Gaelic and Manx —only began to be properly recorded with the
Ireland in the 4th century, after the introduction
Roman script .
Primitive Irish does appear in a specialised
written form, using a unique script known as
Ogham . The oldest
Ogham have survived in the form of memorial inscriptions
or short epitaphs on pillar-like stone monuments (see Mac Cairthinn
mac Coelboth ).
Ogham stones are found throughout
neighbouring parts of Britain. This form of written
Primitive Irish is
thought to have been in use as early as 1000 BC. The script frequently
encodes a name or description of the owner and surrounding region, and
it is possible that the inscribed stones may have represented
Respondents who stated they could speak Irish and Gaelic
in the 2011 censuses.
Gaelic languages have been in steep decline since the beginning
of the 19th century, when they were majority languages of
the Scottish Highlands; today they are endangered languages . The
spread of the
English language has resulted in a vast majority of
people of Gaelic ancestry being unable to speak a Goidelic language.
As far back as the
Statutes of Kilkenny in 1366, the British
government had dissuaded use of Gaelic for political reasons. The
Statutes of Iona in 1609 and the SSPCK in the Highlands (for most of
its history) are also notable examples. As the old Gaelic aristocracy
were displaced or assimilated, the language lost its prestige and
became primarily a peasant language, rather than one of education and
During the 19th century, a number of Gaeilgeoir organisations were
founded to promote a broad cultural and linguistic revival. Conradh na
Gaeilge (English: the Gaelic League) was set up in 1893 and had its
origins in Charles Owen O\'Conor 's Gaelic Union, itself a derivative
Society for the Preservation of the Irish Language . Similar
Highland Gaelic groups existed, such as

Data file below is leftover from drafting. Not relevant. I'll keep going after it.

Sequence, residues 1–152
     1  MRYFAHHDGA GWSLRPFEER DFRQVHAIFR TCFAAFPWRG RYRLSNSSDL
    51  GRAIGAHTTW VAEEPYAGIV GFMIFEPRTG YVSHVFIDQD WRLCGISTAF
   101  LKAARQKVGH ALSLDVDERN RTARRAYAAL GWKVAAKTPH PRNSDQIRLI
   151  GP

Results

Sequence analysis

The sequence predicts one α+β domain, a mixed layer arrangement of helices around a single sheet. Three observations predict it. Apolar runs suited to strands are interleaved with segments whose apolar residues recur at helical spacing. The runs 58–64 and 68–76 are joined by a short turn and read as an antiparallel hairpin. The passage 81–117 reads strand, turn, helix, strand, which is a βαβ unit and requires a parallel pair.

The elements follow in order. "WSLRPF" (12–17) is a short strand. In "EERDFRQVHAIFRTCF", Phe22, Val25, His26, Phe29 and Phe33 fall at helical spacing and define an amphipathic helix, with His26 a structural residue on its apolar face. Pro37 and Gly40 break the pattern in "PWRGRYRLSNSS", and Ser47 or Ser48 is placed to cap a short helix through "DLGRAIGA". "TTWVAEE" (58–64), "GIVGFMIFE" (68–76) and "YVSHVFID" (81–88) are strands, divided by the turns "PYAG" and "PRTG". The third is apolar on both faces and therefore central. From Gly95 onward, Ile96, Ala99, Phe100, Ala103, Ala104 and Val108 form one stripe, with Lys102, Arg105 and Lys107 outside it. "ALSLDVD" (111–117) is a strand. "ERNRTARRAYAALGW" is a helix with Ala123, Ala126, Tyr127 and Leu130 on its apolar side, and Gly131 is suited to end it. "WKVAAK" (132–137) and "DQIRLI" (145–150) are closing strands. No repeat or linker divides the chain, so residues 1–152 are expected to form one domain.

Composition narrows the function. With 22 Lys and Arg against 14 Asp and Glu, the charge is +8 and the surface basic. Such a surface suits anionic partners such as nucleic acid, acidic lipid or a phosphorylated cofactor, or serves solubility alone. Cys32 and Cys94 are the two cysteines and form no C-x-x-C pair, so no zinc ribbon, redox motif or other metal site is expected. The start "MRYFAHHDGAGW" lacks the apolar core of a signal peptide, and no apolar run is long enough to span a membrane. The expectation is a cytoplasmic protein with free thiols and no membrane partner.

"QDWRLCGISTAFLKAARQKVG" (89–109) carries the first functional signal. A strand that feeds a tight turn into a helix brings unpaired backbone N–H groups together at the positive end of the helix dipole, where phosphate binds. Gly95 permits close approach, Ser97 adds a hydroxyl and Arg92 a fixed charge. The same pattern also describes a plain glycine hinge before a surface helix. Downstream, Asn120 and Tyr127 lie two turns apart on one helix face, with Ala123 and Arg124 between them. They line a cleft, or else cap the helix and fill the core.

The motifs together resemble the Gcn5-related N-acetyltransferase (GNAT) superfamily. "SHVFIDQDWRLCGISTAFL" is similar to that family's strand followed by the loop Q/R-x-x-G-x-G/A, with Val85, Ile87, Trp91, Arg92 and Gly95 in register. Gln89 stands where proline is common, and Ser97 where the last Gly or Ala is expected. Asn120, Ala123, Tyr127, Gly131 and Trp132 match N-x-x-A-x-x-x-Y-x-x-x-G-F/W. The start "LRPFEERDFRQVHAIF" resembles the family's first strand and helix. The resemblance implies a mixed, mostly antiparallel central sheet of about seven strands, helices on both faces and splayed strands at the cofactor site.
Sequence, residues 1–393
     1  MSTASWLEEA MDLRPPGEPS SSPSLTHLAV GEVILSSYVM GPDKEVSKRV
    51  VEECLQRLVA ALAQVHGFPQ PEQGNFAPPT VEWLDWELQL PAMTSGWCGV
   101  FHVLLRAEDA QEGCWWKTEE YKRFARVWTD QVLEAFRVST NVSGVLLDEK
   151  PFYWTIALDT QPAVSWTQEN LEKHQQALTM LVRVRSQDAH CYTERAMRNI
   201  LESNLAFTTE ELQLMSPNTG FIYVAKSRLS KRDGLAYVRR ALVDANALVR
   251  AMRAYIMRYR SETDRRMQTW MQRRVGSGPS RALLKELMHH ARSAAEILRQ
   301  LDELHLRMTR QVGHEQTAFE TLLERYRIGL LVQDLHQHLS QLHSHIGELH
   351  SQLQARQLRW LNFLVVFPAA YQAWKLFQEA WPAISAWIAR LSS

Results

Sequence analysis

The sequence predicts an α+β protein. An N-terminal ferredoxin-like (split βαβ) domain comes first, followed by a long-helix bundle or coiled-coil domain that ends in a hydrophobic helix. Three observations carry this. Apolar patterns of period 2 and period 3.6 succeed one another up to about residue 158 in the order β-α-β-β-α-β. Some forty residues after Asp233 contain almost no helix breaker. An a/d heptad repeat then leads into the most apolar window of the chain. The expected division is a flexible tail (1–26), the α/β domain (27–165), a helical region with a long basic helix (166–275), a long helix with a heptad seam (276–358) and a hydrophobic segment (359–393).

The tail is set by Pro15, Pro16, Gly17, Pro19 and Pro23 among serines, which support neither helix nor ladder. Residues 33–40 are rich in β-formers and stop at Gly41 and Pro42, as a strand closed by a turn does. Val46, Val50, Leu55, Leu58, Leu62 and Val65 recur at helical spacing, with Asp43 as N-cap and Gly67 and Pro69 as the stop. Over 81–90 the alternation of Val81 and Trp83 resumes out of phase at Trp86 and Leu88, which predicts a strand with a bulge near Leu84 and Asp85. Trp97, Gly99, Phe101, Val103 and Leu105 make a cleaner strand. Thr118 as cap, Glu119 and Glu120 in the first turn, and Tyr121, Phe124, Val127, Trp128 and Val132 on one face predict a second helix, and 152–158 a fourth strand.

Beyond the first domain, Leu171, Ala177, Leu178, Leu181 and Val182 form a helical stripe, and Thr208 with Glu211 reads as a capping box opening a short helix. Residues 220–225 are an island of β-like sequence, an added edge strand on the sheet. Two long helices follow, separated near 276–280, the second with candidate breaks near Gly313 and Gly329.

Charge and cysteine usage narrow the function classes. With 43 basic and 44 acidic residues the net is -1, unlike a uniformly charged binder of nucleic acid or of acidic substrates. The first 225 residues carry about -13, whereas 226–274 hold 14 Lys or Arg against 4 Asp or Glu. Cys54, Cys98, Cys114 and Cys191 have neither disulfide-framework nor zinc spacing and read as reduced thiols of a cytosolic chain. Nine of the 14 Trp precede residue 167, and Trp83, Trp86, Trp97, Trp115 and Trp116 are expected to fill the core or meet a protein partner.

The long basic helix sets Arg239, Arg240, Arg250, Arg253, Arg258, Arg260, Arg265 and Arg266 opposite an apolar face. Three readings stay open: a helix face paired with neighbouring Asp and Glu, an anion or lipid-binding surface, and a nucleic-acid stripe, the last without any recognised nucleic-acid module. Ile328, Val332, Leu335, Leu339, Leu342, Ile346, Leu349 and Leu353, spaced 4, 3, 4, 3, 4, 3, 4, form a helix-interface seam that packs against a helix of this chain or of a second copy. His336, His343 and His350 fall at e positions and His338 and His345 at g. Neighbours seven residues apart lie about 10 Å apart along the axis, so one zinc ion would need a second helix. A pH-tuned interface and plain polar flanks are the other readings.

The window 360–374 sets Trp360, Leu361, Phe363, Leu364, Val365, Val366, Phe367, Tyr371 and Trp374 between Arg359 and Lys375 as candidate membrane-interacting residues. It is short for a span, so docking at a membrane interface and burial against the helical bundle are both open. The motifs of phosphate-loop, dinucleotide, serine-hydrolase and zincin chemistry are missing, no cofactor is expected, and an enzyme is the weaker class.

An Comunn Gàidhealach . At
this time, Irish Gaelic was widely spoken along the Western seaboard
(and a few other enclaves) and the Gaelic League began defining it as
Gaeltacht ", idealised as the core of true Irish-Ireland, rather
than the Anglo-dominated Dublin. Although the Gaelic League itself
aimed to be apolitical, this ideal was attractive to militant
republicans such as the
Irish Republican Brotherhood , who formulated
and led the
Irish Revolution at the turn of the 20th century; a key
Pádraig Pearse , imagined an
Ireland "Not merely Free but
Gaelic as well – Not merely Gaelic but Free as well." Scottish
Gaelic did not undergo as extensive of a politicalisation at this
juncture, as nationalists there tended to focus on the Lowland mythos
William Wallace rather than the
During the 1950s, the independent Irish state developed An Caighdeán
Oifigiúil as a national standard for the
Irish language (using
elements from local dialects but leaning towards
Connacht Irish ),
with a simplified spelling. Until 1973, school children had to pass
Modern Irish to achieve a Leaving Cert and studying the subject
remains obligatory. There are also
Gaelscoileanna where children are
taught exclusively through the medium of Irish. In the Gaeltacht
itself, the language has continued to be in crisis under the pressure
of globalism, but there are institutions such as Údarás na
Gaeltachta and a Minister for the
Gaeltacht , as well as media outlets